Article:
Story by Brian Wood
Art by Ming Doyle
Review by Mara Wood
As Mara’s powers develop, we start to see that this series is more than just entertainment; it’s a cautionary tale concerning how we treat others. After being in captivity and studied, Mara has hit the breaking point. She is fed up with the human race, and ready to abandon them forever.
The story in issue 5 is pretty straightforward. Public figure has gained incredible power, making her one of the most desirable commodities in the world. If the press about Mara was overwhelming during her time as a professional volleyball player, it is no match for what hits her when she’s recognized as a national threat. Only difference: she just doesn’t care anymore.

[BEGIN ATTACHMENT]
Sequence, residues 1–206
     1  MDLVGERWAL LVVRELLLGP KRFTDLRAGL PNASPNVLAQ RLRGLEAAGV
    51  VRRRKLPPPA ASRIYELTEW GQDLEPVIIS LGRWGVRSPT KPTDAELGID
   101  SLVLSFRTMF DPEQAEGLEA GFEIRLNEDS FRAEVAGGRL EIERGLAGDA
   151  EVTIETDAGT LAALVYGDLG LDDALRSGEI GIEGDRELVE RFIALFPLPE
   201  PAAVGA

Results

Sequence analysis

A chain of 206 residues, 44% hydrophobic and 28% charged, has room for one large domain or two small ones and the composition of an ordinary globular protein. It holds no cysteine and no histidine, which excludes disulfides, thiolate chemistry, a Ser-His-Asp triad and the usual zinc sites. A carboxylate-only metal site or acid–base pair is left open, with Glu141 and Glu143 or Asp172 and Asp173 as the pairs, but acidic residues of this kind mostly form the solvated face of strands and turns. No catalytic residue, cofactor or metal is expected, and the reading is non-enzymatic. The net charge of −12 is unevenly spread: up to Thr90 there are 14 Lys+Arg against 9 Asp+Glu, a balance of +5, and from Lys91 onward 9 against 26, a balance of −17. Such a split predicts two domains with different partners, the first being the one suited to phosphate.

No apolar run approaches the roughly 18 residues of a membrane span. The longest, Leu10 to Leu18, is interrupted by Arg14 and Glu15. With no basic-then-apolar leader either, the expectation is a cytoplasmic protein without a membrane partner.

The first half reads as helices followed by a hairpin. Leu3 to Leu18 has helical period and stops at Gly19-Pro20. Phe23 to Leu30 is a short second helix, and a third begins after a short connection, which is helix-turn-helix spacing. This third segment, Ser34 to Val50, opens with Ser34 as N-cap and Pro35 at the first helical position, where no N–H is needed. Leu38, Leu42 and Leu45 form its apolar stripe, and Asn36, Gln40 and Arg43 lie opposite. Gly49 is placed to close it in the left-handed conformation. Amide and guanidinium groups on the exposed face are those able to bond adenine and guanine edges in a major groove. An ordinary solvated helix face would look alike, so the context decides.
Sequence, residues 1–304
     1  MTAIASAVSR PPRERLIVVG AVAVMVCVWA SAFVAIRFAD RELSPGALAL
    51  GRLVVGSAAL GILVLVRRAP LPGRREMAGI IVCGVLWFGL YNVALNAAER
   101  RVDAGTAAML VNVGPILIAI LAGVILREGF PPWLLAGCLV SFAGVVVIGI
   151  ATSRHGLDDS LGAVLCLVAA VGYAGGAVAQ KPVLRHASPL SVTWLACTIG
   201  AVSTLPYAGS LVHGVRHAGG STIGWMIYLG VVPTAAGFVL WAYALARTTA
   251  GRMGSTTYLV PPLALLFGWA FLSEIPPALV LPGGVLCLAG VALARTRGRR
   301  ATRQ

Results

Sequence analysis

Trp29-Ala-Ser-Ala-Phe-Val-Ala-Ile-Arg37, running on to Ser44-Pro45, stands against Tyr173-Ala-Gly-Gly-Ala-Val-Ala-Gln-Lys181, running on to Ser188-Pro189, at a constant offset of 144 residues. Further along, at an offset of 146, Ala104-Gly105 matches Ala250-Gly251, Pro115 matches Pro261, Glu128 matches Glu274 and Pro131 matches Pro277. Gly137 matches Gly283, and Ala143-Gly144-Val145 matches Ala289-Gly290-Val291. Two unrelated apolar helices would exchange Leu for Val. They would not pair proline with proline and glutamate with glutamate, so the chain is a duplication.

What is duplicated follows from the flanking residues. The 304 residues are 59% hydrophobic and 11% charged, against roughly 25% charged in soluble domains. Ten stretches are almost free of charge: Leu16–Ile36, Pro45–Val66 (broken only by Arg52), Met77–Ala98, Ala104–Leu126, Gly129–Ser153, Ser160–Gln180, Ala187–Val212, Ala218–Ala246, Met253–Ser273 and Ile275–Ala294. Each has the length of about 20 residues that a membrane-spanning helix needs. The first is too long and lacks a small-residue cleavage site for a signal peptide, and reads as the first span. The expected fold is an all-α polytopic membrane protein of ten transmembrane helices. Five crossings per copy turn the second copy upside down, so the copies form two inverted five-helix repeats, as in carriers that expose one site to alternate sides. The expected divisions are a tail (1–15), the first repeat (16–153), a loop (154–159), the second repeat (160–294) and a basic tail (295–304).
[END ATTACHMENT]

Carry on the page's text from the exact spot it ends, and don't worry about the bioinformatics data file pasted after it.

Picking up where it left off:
Until the American government looks into Mark Prince.
With Mark at the mercy of the military, it’s up to Mara to decide how to use her powers. She could spend the rest of her life flying around the earth testing her limits or she can teach a lesson to those who muddle in business that is not their own. Don’t think for a second Mara is going to take things lying down after the way she’s been treated.
Mara #5 is nearing the end of a miniseries. As a standalone comic, it’s not a great place to jump in and read. However, if you’ve been keeping up with the volleyball player and her power development, you’ll want to stick around for this issue.